As leaders do we seek power and position? The Queen’s life reminds us that influence and example can be more enduring than power.  

  • Embrace both tradition and progress: As the new King Charles III said in his first speech as king, “In Queen Elizabeth’s life of service we saw that abiding love of tradition, together with that fearless embrace of progress, which makes us great as nations.”He was echoing his mother’s first Christmas address as queen in 1952, when she said, “Many grave problems and difficulties confront us all, but with a new faith in the old and splendid beliefs given us by our forefathers, and the strength to venture beyond the safeties of the past, I know we shall be worthy of our duty.” She embodied that strength.        

    As leaders, we are well advised to carry the three dimensions of past, present and future. Jeff Fountain encourages us to be, “Rooted in the past and focused on the future, in order to be effectively engaged in the present.” We so often want to throw out the old to press on to the new. But wisdom says learn from the past, understand your history then you can move on with wisdom and insight into the future.

  • Create a circle leadership: Behind any key role of leadership there are many people in the team who bring their wisdom and giftings to support and enable the leader to function. The Queen was no different and built a reliable, loyal and gifted team of advisors and workers, plus she shared her role with other members of the Royal Family.

We are very short-sighted as leaders if we think we can ‘go it alone.’ We all need a team. And not just yes men and women but people who will share their real opinions and be listened to by us.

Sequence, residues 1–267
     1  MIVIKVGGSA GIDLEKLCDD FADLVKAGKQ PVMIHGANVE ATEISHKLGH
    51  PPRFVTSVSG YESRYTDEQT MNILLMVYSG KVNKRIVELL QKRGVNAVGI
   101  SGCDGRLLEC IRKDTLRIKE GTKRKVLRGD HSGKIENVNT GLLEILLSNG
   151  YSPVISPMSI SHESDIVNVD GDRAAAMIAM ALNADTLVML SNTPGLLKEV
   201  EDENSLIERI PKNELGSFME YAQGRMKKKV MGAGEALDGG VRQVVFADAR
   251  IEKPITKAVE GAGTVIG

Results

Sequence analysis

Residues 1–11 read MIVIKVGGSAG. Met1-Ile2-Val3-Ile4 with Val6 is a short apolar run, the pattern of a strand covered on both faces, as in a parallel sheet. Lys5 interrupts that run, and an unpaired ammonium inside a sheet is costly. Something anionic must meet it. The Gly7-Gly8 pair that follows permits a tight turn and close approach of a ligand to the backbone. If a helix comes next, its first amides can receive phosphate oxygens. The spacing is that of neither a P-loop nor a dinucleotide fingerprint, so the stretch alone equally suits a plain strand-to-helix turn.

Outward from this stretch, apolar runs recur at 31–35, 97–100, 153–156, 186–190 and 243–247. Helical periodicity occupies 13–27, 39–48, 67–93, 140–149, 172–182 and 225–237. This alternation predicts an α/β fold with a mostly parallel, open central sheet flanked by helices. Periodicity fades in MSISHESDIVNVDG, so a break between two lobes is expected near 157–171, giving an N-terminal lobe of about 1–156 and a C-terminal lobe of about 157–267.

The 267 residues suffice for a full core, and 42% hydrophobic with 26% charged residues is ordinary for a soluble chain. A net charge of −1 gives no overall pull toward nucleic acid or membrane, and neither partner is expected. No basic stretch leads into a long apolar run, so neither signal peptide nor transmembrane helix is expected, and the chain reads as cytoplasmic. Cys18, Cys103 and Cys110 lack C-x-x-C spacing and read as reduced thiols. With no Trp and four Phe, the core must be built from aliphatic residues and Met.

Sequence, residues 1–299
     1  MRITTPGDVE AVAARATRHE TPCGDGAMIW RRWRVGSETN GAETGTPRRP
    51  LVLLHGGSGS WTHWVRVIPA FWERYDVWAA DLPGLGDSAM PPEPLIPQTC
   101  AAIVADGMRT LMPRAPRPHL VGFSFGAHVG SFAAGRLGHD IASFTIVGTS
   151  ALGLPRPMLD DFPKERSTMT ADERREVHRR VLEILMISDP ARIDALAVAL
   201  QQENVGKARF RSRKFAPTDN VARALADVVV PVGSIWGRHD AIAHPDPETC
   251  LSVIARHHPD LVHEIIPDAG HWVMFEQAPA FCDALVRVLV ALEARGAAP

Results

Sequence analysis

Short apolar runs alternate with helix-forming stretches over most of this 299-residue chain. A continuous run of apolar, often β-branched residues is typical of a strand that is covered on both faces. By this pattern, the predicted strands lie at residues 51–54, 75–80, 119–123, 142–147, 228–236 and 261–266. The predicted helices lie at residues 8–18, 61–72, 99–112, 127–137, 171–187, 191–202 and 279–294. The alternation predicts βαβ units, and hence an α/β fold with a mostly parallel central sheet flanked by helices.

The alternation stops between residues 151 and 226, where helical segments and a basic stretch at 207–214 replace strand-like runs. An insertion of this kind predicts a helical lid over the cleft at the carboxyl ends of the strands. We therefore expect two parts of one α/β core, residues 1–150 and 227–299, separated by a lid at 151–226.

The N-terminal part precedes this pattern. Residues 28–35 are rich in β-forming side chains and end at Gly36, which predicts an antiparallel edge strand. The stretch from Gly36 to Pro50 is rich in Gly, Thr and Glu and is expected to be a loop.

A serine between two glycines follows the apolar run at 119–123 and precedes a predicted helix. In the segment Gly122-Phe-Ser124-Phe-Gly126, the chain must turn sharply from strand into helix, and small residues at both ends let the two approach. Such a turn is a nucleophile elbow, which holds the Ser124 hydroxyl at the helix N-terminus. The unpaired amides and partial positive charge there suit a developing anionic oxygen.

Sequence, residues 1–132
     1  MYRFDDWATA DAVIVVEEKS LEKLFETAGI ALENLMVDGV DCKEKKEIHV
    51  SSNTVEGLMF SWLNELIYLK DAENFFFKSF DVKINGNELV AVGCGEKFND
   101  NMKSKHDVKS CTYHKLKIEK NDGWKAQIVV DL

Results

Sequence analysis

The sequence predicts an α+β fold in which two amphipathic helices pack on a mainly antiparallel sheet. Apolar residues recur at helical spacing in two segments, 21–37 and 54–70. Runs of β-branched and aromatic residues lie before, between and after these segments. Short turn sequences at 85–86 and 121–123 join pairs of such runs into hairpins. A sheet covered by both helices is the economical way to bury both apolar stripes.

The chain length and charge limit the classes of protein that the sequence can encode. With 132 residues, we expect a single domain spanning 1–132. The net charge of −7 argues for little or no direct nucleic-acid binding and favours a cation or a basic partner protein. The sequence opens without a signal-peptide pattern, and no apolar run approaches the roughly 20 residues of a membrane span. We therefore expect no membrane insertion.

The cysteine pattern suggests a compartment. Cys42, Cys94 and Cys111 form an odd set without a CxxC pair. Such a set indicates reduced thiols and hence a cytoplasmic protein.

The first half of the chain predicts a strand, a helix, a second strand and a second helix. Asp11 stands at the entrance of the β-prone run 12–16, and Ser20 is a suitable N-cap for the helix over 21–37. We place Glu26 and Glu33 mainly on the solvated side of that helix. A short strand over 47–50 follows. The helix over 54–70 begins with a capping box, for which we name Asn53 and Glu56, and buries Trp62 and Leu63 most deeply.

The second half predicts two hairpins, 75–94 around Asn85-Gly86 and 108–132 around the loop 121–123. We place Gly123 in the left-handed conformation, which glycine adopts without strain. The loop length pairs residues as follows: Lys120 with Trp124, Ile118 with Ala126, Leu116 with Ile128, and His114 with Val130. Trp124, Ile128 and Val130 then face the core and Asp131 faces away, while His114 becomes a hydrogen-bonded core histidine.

• Calling, Character and Commitment: In a speech made on her 21st birthday, the Queen (then Princess Elizabeth) pledged her commitment to duty in these memorable words: “I declare before you all that my whole life whether it be long or short shall be devoted to your service.” She lived with a sense of calling and purpose over her life, remaining true to it through thick and thin, becoming a leadership model of a queen who served.      

    Do we as leaders serve our people? Is that what they would say of us? It takes a depth of character to stay committed for the long haul, to follow through on long days of administration and relating with dignitaries from the nations of the world, always being gracious, welcoming and maintaining the royal protocol!       

  • Find time to do what you love: The Queen maintained a role of public relations and had a schedule that made us feel tired just looking at it. However, her hobbies are well known to us as well. She managed her diary to enjoy spending time with her corgis, visiting her horses and connecting with family.

For any leader, one of the challenges is to balance personal life, family and work. How is that going for you? You make time for the things you really want to do. So, think through your priorities and make sure you create the space in the calendar to do them.

‘It is hard to think of a better embodiment of the leadership values all business leaders should aspire to: consistency, reliability and a constant presence all could depend on.’ –  Sam Gordon

Until next month